If you are of a contemplative disposition, then this may well be one of those books that truly changes how you see things. It's stunning. I'll leave the last word to Pessoa, which sums up my feelings on this book: "I stare out from the window of my room at the multitudes of stars; at multitudes of stars and nothing, but oh so many stars..."
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on 17 March 2010
I think describing this book as a novel is entirely misleading and can prejudice the readers attitude towards it. It is essentially a collection of notes and meditations on life and existential musings, that are deeply esoteric and almost impossible to read as a novel. It is more a book you dip into a few pages at a time and ponder over the profound and eloquent prose of a brilliant writer.

Pessoa touches on universal themes such as Love, Friendship, Dreams, Ambition, Faith and the after life - gliding with effortless skill through ideas that are very complex and recondite. The tone can sometimes seem quite melancholy, but I think Pessoa is playing devil's advocate rather than voicing any deeply held belief - and questions life and all its burdens as if on behalf of the reader. As such it is a joy to read, it transcends the page and you feel the words stir the soul with a power and skill that all the great writers possess.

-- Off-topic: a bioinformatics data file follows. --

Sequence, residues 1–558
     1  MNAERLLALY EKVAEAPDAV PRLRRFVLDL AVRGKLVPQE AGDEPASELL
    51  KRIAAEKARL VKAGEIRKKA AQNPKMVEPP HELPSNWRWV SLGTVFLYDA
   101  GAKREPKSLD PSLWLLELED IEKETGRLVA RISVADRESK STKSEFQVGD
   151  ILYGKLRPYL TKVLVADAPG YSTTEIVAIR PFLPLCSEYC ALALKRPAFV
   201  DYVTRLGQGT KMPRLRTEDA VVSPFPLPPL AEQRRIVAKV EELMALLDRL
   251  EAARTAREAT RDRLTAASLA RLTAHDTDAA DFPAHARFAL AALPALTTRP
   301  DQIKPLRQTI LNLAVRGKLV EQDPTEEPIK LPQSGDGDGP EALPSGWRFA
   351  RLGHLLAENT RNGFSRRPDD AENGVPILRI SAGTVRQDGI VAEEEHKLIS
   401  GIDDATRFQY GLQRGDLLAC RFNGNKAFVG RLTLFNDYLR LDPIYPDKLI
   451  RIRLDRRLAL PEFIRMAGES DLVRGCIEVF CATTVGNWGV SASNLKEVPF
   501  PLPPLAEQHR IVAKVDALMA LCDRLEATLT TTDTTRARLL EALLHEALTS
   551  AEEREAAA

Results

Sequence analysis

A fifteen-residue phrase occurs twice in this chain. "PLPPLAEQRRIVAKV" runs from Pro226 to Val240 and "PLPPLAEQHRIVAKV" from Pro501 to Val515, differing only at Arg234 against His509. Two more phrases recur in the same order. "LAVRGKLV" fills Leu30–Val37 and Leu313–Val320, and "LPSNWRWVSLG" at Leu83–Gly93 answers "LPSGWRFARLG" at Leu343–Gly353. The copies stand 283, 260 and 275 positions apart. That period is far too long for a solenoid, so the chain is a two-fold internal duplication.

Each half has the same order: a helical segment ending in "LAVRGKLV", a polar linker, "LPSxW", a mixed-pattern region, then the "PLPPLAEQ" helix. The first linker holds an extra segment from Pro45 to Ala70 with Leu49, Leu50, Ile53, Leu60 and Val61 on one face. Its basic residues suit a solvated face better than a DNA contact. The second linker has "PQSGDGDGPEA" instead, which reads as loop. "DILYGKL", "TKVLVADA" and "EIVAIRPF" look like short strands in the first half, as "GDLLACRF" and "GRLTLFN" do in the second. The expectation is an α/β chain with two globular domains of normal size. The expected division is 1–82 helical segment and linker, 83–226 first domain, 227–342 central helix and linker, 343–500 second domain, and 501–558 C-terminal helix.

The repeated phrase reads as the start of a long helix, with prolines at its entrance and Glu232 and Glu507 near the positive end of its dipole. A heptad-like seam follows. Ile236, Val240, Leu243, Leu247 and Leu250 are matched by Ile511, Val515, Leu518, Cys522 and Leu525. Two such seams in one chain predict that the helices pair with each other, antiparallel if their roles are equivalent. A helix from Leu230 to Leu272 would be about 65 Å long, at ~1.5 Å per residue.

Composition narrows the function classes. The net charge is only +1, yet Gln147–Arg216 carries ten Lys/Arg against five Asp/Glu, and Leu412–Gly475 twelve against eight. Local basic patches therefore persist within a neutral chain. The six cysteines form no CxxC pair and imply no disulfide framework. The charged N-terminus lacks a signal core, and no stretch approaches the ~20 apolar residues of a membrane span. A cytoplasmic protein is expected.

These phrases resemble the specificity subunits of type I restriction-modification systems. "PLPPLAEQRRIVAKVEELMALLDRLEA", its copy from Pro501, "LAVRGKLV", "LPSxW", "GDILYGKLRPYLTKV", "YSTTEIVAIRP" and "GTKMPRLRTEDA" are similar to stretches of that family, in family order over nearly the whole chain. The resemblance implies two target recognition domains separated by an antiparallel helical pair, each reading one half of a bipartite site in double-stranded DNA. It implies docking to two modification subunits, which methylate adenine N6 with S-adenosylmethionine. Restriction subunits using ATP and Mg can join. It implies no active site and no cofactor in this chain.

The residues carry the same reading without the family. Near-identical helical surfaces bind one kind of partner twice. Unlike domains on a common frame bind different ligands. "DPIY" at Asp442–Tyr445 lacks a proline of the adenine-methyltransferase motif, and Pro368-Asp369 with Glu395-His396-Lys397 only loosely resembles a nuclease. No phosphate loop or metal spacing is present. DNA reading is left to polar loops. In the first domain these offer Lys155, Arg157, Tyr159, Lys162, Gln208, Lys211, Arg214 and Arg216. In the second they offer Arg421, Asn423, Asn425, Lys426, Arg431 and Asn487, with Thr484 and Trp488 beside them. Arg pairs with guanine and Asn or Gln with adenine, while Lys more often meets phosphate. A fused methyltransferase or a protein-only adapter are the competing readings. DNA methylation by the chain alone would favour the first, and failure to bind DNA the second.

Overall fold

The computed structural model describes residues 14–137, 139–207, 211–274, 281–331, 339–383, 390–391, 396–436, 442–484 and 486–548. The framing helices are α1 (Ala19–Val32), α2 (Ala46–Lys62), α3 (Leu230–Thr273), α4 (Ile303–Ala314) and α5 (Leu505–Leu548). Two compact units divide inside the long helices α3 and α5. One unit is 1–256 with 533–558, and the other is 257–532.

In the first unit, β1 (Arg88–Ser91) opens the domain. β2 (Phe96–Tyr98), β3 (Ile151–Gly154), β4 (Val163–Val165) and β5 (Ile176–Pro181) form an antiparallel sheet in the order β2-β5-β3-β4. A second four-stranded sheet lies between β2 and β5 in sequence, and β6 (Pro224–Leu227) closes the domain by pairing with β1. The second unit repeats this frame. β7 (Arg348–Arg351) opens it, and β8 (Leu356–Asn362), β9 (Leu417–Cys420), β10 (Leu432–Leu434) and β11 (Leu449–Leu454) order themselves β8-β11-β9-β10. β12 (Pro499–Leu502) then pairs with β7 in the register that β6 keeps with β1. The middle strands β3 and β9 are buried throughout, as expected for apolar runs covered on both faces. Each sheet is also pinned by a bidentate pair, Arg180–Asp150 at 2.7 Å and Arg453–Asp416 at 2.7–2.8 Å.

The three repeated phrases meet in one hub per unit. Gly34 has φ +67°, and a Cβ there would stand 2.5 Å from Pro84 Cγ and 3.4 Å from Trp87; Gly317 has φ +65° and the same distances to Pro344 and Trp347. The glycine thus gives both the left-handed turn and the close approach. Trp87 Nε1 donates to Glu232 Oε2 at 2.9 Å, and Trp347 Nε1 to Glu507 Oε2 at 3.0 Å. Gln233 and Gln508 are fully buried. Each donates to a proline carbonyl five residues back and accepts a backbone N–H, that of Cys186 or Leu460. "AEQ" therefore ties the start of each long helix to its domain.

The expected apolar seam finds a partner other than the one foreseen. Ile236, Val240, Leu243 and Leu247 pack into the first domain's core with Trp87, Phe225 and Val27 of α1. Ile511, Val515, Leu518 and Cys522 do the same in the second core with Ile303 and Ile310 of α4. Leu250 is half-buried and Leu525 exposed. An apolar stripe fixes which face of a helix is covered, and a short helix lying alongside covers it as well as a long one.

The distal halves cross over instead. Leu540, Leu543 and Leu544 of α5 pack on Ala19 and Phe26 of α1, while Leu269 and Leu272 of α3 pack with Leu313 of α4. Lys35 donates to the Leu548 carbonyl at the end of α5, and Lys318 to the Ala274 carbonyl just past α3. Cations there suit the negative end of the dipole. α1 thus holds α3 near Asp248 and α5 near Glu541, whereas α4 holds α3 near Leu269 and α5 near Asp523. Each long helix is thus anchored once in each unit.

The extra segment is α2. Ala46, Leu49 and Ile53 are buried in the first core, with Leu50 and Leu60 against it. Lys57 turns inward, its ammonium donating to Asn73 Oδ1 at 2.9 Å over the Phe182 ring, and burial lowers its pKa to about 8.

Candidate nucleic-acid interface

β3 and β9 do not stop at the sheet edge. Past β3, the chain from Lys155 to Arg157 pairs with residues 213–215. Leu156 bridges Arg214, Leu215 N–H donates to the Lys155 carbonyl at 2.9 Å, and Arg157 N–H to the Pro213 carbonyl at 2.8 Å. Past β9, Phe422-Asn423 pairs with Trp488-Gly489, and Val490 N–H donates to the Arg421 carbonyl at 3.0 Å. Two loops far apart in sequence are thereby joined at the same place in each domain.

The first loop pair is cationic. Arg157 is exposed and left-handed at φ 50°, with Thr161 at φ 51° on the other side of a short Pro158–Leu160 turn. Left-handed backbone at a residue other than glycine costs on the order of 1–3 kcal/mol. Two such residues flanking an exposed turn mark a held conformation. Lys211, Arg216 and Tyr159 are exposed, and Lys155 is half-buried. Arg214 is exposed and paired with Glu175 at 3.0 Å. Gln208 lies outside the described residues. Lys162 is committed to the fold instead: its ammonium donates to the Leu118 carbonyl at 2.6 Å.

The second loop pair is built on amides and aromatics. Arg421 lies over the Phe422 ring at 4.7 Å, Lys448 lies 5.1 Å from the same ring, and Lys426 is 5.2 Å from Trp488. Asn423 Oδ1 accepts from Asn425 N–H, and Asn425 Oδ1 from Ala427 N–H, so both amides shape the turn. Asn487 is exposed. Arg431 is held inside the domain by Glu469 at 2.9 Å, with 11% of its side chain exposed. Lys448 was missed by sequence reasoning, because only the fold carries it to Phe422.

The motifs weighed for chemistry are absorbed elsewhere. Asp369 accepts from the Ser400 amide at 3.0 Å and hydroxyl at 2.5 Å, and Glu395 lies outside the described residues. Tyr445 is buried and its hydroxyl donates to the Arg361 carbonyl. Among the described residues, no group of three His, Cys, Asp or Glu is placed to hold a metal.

It is a thought provoking read - that leaves you thinking long after you put it down and challenges the reader to look beyond mundane existence and focus on what Pessoa frequently refers too as the journey. He draws the attention of the reader from the everyday and routine, to a spiritual and meta-physical level that is rarely addressed in an increasingly secular world.
He asserts:

"Life is an experimental journey undertaken involuntarily. It is a journey of the spirit through the material world and, since it is the spirit that travels, it is in the spirit that it is experienced."

With this quality and skill with words, Pessoa takes the reader to new heights - it is certainly a challenging book to read, but the reward is more than worth the effort.
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on 26 January 2000
First of all, this is not a novel. O Livro do Desassossego is a sort of diary of all of Pessoa's thoughts and feelings. Reading this book will not only make you understand a bit more who Pessoa was but make you wonder who we are and why we are all 'here' (and if we are). This diary just comes to show how ambiguous and pessimistic Pessoa was, but also how much he wanted to live. Pessoa is, in my opinion, by far the greatest poet/ writer of all times.
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TOP 1000 REVIEWERon 29 October 2011
Not a novel, just the collected reflections of one of the author's personae. A man doing a humdrum office job, day after day the same again, but the routine is like a waking coma that leaves his imagination free to roam and reflect upon his own life, the lives of others, mortality, place and space, you name it...

The kind of book, like Meditations by Marcus Aurelius, that one should dip into here and there, now and then, for spiritual succour.

Superb. A keeper for life.
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on 7 June 2010